Jiu-Jitsu Letter

Why You Don't Learn from Failure

In a fascinating episode of Choiceology, Lauren Eskreis-Winkler1 talked about her research showing that people don’t learn from failure nearly as much as from success.


It’s interesting that sometimes they learn nothing, but good to know that we learn a little from failures. Just that we’re learning more from success. Yeah. Why is that? Why is it that we generally seem to learn more when we get positive feedback? Hey, you got that question, right? And then it’s ingrained in your head and you can answer it when it comes up again. But when you got it wrong and you’re corrected, you don’t learn as much.


So there could be multiple reasons. One that we’ve explored extensively, and this is all research with Ayelet Fishbach, is that failure is really ego threatening. It makes people feel bad about themselves. And so you can imagine in any situation in which you fail, there really are two motives.

One is to learn to gain something from the experience. And the other is not to feel bad about yourself. And so what we find often is that when there’s these two competing motives, you might think when you’re outside the situation, that what’s really gonna trump the other is the desire to learn. But what we find over and over again is that that’s not how human beings are created.

Even in relatively inconsequential failures, things that you think would not even be all that ego threatening, people choose to tune out and not pay attention and not look.

And a prerequisite to learning is paying attention. And so just by nature of tuning out and not paying attention, people basically make it impossible for them to learn.


That’s really interesting. It makes me think of Carol Dweck’s work on growth mindset, which of course is all about reframing failures as opportunities to grow, as opposed to demonstrations of your fixed capacity. And of course, when you have a growth mindset, lots of things turn out to be better. I’m wondering if that feels relevant to you, or if there’s anything besides trying to reframe failures as growth opportunities that you think can reduce this bias.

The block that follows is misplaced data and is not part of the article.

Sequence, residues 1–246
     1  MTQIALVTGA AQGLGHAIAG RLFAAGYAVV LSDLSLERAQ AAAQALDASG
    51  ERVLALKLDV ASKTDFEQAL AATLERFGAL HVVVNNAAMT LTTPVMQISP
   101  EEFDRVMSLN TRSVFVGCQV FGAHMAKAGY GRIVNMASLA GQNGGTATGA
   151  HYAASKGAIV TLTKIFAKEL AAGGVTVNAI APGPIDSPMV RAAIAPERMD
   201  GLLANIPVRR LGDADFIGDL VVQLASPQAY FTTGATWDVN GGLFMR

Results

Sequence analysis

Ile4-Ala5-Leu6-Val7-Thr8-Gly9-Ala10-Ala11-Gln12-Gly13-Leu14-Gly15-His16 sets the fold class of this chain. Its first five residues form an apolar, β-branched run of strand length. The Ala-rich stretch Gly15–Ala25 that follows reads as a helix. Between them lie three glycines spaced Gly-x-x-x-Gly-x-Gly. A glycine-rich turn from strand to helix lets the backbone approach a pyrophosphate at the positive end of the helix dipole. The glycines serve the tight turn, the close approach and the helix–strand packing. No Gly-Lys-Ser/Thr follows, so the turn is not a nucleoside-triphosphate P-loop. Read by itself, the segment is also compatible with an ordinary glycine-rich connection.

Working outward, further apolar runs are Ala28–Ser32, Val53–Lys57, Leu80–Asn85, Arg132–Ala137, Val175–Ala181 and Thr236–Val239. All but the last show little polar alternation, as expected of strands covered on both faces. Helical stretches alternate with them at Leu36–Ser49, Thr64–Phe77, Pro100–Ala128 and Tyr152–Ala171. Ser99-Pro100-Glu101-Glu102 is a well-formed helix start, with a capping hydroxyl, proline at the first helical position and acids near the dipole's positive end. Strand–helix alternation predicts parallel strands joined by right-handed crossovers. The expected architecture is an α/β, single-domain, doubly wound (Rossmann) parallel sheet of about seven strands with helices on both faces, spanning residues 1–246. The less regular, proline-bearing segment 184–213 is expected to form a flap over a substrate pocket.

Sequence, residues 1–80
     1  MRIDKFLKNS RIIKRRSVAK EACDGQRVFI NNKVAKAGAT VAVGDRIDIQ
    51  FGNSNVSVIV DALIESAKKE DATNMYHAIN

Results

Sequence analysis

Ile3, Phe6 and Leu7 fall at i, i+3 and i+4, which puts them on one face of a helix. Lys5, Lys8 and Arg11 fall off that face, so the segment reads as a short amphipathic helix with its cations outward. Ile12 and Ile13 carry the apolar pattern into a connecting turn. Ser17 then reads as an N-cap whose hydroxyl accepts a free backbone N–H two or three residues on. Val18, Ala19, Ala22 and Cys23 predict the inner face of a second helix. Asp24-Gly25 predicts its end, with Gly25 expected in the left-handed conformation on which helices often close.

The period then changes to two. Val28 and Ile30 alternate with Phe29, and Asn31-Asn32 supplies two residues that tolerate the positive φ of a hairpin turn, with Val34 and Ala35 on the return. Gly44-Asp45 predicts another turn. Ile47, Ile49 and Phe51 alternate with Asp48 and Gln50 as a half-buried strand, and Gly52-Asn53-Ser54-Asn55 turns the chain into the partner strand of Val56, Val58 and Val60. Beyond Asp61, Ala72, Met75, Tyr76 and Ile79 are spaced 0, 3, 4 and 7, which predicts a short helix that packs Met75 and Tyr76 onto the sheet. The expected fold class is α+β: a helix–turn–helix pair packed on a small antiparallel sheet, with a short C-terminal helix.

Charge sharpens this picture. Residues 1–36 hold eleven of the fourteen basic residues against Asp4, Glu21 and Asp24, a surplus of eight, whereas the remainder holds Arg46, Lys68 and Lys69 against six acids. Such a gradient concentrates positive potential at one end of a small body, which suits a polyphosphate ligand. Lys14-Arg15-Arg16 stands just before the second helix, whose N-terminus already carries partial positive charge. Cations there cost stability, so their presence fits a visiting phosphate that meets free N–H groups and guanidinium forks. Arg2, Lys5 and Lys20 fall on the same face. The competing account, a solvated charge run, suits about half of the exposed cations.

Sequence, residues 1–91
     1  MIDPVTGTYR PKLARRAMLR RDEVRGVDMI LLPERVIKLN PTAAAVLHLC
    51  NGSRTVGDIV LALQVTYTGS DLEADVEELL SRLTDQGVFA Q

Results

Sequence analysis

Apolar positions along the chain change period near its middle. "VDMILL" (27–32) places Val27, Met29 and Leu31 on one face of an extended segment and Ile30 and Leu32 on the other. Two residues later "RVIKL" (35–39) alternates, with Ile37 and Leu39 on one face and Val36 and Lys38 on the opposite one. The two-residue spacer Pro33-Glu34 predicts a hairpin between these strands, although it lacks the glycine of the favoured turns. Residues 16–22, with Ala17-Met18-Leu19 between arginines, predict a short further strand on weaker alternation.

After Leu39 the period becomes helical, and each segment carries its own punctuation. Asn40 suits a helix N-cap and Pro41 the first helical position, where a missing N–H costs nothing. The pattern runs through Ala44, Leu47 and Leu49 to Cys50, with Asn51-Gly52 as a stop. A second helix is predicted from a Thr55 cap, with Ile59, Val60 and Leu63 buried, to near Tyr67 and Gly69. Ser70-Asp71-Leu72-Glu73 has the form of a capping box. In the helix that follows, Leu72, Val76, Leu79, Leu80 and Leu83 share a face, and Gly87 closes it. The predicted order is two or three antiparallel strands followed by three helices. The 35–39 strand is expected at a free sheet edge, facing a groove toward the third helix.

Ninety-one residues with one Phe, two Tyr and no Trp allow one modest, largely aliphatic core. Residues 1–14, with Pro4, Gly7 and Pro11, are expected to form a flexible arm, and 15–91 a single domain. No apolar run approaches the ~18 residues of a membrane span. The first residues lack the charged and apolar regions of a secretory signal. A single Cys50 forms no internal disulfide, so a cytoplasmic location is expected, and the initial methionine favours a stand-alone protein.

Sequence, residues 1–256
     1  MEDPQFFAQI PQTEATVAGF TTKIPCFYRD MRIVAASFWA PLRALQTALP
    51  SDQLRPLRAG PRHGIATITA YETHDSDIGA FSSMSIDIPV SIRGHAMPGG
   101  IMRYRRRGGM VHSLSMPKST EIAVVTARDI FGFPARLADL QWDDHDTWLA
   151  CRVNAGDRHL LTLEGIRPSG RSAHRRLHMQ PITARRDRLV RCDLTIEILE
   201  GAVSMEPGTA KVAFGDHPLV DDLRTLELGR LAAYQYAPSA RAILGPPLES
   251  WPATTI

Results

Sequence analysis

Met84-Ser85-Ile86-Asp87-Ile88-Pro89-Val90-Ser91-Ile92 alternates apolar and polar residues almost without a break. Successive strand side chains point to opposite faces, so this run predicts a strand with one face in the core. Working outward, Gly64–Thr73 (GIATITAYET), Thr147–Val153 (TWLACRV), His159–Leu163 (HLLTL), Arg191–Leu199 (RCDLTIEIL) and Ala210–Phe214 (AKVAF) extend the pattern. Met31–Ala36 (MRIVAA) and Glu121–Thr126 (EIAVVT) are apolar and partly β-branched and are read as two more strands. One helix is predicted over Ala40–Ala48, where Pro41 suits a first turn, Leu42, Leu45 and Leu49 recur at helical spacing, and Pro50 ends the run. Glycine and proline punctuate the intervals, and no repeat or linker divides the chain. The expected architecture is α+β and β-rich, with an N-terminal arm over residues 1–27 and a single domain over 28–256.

Yes. So I think that’s totally relevant and would be incredibly useful. Right? So if indeed the mechanism here, if the psychological process is that people are feeling very threatened by failure and not paying attention, that I think the key question is how do you get people to stop feeling threatened?

And so one way is to change people’s underlying belief system. And Carol Dweck has really been the pioneer in the sense in figuring out how to create lessons and how to get people to think differently about failure. So it’s not as threatening. Uh, much simpler way to do this is something we did in our studies, which is, Hey, if you don’t want people to feel ego threatened, just remove the ego, which is to say that it’s very hard for people to learn from their own failures, cuz their own egos are involved, but we found that people are more than able to learn from others failures.


So watching other people’s experience teaches us more than failing does. How does it compare to succeeding ourselves?


It’s basically all the same. So learning from others, failures and others’ success is equivalent to each other, as well as learning from one’s own success and learning from one’s own failures is lower.

The entire episode is worth listening to. Find it here: https://podcasts.apple.com/us/podcast/choiceology-with-katy-milkman/id1337886873?i=1000576080365

And the research paper is here: https://www.researchgate.net/publication/337127055_Not_Learning_From_Failure-the_Greatest_Failure_of_All

  1. I’ve referenced another of her studies here: http://jiujitsuletter.com/posts/advise-others-advise-yourself/ ↩︎

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